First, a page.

The Kansas Census, Part Three

Andrew Horatio Reeder

Andrew Horatio Reeder

Looking into the origins of Kansas’ settlers, as reported in the first territorial census, turned into much more of an undertaking than I expected. From looking at national censuses, I expected a by-district tabulation of who came from where. The Howard Report does not appear to include any such thing. Instead the full lists of qualified voters, separated by district, appear with where each voter hailed from listed right after his name. Counting them all up takes quite a bit of time. To help preserve my sanity and eyesight, I’ve thus opted to make a smaller project of it using the breakpoints I sketched out yesterday.

Today then brings the censuses of the second, fourth, sixth, seventh, and eleventh districts. Those five led the pack in level of vote fraud perpetuated at their polling places in the November election for delegate. By February, they had only twenty slaves between them as befitting districts where we would expect a majority of antislavery settlers.

Do the numbers back that up? No.

Overview of the place of origin of Kansas' voters

Overview of the place of origin of Kansas’ voters

One would expect a decisive northern inclination to match the presumed antislavery inclination in the districts that had the greatest number of fraudulent votes, but the top five give only two districts with such populations, the notorious seventh and the almost evenly split sixth. At least for these districts, if the Missouri filibusters moved in based on where the people who truly resided there hailed from, they did not operate with the best information. The second and fourth districts come up with a clear southern majority and the eleventh possessed voters entirely from the South.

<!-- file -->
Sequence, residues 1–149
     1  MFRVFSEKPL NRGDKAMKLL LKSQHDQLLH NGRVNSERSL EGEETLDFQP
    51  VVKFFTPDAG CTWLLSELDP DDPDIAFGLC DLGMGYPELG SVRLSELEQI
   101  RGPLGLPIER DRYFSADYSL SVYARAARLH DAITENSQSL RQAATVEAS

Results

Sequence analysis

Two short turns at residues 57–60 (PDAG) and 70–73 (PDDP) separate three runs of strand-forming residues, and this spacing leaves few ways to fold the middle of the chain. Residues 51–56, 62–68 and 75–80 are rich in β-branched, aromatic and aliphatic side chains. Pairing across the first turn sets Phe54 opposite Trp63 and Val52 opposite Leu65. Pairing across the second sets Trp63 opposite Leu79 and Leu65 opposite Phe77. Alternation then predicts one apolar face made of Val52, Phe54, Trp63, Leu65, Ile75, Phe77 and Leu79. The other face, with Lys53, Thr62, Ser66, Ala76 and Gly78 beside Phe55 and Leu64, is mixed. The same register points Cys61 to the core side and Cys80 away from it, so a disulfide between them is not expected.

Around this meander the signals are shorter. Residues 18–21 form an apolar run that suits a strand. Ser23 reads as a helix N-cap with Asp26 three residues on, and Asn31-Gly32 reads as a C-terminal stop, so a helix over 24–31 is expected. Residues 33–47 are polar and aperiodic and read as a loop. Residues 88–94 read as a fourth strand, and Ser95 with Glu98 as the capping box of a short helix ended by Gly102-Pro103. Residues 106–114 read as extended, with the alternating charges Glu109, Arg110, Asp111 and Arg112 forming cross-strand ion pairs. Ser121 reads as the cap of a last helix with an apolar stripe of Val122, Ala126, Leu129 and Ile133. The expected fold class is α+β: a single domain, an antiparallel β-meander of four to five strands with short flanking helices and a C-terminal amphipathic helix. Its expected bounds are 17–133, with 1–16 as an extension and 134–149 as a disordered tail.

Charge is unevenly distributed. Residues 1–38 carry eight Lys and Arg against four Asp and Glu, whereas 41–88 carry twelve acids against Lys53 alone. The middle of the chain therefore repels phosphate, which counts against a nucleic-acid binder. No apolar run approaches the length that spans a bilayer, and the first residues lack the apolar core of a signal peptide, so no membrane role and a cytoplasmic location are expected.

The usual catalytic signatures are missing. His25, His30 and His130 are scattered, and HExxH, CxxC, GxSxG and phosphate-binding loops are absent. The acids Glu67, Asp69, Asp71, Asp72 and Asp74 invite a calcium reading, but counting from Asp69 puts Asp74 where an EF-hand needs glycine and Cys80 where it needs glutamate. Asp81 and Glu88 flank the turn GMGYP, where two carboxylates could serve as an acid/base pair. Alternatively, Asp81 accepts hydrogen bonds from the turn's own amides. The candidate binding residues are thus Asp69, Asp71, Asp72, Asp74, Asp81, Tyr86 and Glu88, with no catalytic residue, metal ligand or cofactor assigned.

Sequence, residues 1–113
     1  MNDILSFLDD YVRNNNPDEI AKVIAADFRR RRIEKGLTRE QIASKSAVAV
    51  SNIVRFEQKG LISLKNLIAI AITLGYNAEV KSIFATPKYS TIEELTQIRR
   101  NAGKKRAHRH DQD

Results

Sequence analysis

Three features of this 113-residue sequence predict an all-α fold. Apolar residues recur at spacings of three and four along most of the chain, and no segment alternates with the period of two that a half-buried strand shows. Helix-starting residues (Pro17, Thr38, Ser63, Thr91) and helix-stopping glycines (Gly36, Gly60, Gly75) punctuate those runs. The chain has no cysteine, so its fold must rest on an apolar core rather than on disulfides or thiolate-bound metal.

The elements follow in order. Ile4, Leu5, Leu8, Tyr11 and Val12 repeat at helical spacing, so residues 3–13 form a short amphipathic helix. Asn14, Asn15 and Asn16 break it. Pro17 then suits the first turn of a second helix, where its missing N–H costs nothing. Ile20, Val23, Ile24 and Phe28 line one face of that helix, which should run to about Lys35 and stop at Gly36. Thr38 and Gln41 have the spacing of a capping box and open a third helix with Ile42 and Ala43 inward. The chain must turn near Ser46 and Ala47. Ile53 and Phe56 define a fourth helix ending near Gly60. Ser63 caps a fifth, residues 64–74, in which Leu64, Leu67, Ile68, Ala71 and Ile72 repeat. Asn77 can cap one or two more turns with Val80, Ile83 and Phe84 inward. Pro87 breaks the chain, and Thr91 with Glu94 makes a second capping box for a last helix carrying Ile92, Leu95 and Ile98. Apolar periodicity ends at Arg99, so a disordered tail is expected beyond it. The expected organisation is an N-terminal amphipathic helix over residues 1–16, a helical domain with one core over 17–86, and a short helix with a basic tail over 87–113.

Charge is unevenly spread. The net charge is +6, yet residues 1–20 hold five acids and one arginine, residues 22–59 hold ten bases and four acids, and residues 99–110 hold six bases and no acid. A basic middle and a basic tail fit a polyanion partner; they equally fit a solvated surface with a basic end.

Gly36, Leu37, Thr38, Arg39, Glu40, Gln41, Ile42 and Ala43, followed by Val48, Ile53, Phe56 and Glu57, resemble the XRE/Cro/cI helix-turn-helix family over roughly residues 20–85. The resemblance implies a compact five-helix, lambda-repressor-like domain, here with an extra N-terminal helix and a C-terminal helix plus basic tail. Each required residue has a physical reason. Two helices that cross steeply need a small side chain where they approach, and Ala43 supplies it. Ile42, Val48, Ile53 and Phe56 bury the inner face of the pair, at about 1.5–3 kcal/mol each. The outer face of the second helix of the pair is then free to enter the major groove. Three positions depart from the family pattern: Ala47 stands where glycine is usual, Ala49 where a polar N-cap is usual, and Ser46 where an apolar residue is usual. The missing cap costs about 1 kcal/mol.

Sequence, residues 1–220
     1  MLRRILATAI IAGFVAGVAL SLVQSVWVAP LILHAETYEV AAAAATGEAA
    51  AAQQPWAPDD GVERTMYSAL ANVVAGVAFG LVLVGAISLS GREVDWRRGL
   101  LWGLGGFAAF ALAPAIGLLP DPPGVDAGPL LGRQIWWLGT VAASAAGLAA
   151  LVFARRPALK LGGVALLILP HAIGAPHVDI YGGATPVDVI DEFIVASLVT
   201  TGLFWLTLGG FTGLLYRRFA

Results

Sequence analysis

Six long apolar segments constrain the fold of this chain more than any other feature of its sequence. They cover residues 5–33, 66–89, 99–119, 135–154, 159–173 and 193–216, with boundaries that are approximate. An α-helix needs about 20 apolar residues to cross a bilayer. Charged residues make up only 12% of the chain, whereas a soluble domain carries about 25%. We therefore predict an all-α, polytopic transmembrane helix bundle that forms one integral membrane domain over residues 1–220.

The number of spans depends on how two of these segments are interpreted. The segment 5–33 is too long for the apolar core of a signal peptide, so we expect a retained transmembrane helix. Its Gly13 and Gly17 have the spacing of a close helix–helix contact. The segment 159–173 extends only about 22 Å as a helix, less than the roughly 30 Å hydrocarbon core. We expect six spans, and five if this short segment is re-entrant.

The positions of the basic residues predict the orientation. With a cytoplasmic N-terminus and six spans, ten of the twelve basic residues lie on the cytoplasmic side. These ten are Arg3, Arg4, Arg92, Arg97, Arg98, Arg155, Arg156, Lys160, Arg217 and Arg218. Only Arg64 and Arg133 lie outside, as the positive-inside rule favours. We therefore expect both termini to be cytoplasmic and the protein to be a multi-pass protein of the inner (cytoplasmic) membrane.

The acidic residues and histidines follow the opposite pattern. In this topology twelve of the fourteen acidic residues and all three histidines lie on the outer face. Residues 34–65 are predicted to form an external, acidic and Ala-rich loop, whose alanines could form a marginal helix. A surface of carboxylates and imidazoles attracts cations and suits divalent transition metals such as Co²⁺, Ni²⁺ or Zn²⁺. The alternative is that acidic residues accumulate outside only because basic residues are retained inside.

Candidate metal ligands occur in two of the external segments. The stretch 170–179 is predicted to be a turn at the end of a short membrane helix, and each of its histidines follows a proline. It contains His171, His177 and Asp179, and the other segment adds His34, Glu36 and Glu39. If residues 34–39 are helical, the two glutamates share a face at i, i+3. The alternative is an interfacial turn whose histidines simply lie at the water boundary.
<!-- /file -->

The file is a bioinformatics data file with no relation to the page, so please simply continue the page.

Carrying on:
Many of the Southerners in those numbers hail from Missouri, which accounts for 280 of the 573 voters (48.87%) all by itself. We know that Stringfellow and others feared for the future of slavery in the Show Me state. It had sent Thomas Hart Benton, famously silent on the subject, to the Senate for decades. Furthermore, much of Missouri looked demographically quite northern. Many of those Missourians probably did not care all that much about slavery one way or the other. They could accept it or do without, so long as they got to decide on the fact themselves. But some of them would have loathed the abolitionists as outside interlopers or out of old fashioned racism. Thus, especially in light of these figures, we shouldn’t presume that everybody from Missouri came over with South Carolinian or Mississippian ideas, or as a covert free soiler. The numbers just don’t give us enough information to make that call.

One could combine this with the numbers of slaves present in the same districts as a rough metric, but that too has problems. One need not own slaves to support slavery and making Kansas into a slave state. A settler could easily come to Kansas from a slave state with dreams of striking it big and then becoming a slaveholder. Likewise the filibuster votes could have come to these districts not because they housed free soilers in great numbers, but because they lay near the border and had few enough people to make stealing the election for delegate an easier matter. Outnumbering seven legal voters requires less effort than outnumbering hundreds. Of course those same small numbers also permit subsequent settlement to change the polity of a district with equal ease in the months between the election and the census.

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